Stranger rape of college students is less common than acquaintance rape. Ninety percent of college women who are victims of rape or attempted rape know their assailant.10 The attacker is usually a classmate, friend, boyfriend, ex-boyfriend, or other acquaintance (in that order).11, ‡ Most acquaintance rapes do not occur on dates; rather they occur when two people are otherwise in the same place (e.g., at a party, studying together in a dorm room). Thus, "date rape" (rape that occurs during or at the end of a date) is not the appropriate term to describe the majority of acquaintance rapes of college women, as date rapes account for only 13 percent of college rapes (although they make up 35 percent of attempted rapes).12 Gang rape of college women (multiple men taking turns raping a woman) is also a problem, although to a lesser extent than even date rape.13
‡ The most recent survey on college rape "did not find that college professors committed any of the rapes or sexual coercions; however, they were involved in a small percentage of the unwanted sexual touching" (Fisher, Cullen and Turner 2000). [Full text]
Fewer than 5 percent of college women who are victims of rape or attempted rape report it to police.14 However, about two-thirds of the victims tell someone, often a friend (but usually not a family member or college official). In one study, over 40 percent of those raped who did not report the incident said they did not do so because they feared reprisal by the assailant or others.15 In addition, some rape victims may fear the emotional trauma of the legal process itself. Low reporting, however, ensures that few victims receive adequate help, most offenders are neither confronted nor prosecuted, and colleges are left in the dark about the extent of the problem.16
Many acquaintance rape victims (using the legal definition of rape) do not label their assault as rape.† Perhaps it seems unimaginable that an acquaintance would rape them, and victims often initially blame themselves. Acquaintance rape victims offer a range of reasons for not reporting the rape to authorities:17
† One of the largest studies of the problem found that in nearly half the incidents legally categorized as completed rapes, the women did not consider the incident to be a rape (Fisher, Cullen and Turner 2000). [Full text]
Some police officers believe that there is an unusually high rate of false rape reports (by both college students and the general population of women). The FBI does not separately track false reports; it tracks only the total number of unfounded reports. The category of "unfounded" consists of both baseless cases—in which the elements of the crime were never met—and false reports. In 1998, unfounded rape reports accounted for 8 percent of total reported rapes; however, this number is questionable. Some police officers incorrectly think that a rape report is unfounded or false if any of the following conditions apply:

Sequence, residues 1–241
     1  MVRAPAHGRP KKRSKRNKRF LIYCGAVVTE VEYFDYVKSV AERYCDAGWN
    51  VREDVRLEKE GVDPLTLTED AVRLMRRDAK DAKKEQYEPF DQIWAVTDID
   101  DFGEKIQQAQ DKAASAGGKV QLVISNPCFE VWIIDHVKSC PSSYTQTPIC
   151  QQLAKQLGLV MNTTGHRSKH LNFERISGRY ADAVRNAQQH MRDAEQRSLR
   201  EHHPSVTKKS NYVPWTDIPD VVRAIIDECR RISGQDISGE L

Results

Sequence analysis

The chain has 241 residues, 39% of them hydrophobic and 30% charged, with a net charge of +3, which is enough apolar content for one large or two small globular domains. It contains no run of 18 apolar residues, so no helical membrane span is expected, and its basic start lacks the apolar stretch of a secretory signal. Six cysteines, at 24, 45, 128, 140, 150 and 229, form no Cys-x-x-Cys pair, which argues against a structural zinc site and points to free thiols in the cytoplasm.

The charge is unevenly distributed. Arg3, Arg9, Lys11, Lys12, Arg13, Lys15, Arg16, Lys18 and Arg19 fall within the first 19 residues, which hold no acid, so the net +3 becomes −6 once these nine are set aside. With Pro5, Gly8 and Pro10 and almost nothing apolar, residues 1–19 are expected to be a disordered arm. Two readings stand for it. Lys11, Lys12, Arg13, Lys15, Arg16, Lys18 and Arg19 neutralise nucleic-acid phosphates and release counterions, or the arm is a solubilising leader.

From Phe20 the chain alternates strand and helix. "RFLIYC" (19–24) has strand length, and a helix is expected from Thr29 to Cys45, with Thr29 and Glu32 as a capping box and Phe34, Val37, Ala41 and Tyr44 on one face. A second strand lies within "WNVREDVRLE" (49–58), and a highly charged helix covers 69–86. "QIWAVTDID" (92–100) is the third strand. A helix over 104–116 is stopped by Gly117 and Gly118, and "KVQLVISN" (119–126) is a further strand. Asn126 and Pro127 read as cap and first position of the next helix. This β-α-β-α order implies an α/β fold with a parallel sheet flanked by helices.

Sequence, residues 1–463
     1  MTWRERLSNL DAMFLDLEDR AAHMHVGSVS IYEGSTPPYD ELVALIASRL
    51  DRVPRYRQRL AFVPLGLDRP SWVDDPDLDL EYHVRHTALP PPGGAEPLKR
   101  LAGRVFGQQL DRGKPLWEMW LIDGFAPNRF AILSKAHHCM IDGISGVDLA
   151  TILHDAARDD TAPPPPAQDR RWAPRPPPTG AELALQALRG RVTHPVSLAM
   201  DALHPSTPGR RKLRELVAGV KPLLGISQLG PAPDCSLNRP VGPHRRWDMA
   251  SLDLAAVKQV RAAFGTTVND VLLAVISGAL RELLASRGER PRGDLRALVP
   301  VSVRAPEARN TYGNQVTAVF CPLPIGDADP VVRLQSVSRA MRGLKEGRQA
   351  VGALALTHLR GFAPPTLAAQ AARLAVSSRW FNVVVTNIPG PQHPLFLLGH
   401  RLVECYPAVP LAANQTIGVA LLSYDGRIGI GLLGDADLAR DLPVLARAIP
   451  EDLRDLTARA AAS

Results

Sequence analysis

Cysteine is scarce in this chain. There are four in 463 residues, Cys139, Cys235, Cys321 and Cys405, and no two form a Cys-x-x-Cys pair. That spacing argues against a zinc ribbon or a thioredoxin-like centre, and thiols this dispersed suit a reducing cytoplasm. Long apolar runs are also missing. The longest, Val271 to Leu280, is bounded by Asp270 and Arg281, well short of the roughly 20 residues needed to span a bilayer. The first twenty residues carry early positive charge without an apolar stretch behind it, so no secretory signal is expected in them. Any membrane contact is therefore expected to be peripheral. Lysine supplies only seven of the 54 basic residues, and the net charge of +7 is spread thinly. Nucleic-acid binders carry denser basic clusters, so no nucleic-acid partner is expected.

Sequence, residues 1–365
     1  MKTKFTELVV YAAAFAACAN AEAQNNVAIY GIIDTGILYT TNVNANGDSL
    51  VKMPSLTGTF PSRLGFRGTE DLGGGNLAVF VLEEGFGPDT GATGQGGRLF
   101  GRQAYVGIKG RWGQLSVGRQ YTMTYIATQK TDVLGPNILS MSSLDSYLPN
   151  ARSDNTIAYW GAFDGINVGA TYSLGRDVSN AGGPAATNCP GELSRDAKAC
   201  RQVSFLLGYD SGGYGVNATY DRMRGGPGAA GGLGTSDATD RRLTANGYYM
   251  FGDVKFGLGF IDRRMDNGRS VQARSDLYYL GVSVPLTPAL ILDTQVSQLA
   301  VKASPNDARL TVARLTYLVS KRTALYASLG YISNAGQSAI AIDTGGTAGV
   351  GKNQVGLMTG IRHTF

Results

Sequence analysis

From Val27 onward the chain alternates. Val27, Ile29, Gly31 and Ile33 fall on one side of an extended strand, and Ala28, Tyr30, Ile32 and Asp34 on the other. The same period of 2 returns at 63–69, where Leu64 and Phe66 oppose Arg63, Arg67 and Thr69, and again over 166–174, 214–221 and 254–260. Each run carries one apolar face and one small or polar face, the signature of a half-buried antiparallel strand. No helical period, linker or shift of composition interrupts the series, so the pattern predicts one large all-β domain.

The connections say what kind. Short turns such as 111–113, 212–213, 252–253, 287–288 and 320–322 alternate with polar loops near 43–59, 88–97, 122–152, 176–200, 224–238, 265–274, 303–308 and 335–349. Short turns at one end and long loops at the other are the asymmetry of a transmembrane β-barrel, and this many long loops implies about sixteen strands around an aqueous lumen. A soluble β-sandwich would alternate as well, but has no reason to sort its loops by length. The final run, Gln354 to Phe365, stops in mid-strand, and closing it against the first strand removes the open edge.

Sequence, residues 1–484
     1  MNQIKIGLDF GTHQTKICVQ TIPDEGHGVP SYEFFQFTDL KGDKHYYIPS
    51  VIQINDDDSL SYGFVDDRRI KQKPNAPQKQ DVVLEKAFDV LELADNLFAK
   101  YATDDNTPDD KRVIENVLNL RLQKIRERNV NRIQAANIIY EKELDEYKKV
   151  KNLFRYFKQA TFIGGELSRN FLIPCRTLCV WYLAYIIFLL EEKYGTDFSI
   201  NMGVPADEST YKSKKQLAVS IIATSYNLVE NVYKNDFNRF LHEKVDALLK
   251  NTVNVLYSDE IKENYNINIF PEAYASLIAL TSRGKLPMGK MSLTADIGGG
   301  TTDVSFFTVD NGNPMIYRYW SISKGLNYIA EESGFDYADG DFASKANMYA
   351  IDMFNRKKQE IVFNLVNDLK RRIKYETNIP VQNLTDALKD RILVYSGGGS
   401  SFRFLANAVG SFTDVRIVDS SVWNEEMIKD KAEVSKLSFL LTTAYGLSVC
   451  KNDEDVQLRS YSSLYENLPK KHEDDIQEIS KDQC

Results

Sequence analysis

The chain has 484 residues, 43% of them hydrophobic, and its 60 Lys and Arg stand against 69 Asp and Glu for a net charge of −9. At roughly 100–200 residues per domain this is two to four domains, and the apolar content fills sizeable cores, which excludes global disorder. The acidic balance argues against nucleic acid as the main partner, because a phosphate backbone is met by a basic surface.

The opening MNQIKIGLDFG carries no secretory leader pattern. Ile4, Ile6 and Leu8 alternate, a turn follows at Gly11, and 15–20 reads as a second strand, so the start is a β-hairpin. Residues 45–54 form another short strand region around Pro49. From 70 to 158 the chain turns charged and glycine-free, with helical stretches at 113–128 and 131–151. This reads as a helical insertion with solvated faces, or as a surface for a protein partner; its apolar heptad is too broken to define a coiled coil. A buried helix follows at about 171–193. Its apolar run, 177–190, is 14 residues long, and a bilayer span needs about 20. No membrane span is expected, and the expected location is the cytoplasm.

‡ For more detailed information about unfounded allegations and the need for accurate training on this subject, see: www.vaw.umn.edu/documents/acquaintsa/acquaintsa.shtml.
In examining the problem of acquaintance rape of college students (which, as noted, accounts for 90 percent of college rapes), it is important to define the subproblems for analysis, investigation and prevention purposes. Among them are:
In each case, the offender's behavior before the attack and the contributing environmental factors during the attack may be different.† For instance, the typical party rape occurs at an off-campus house or on- or off-campus fraternity and involves the offender's plying a woman with alcohol or targeting an intoxicated woman. Environmental factors that could facilitate the rape include easy access to alcohol, availability of a private room, loud music that drowns out the woman's calls, and, potentially, a cover-up by the house's residents, who may choose to maintain group secrecy over reporting the rape. By contrast, a date rape typically involves two people who are just becoming acquainted, and the offender rapes the woman in a car or residence after the date. [Stranger rapes tend to occur in isolated areas of campus (e.g., parking lots or campus garages) or in the woman's dorm room. In these cases, the victim usually has not drunk any alcohol, and there is no prior relationship or even acquaintance between the victim and the rapist.
† For a discussion of the need to study different types of acquaintance rape, see Koss and Cleveland (1996).
Refining recordkeeping to include subtypes of acquaintance rape allows police to better understand the dynamics of rape, design prevention around the subtypes, and improve rape investigations within the subtypes.‡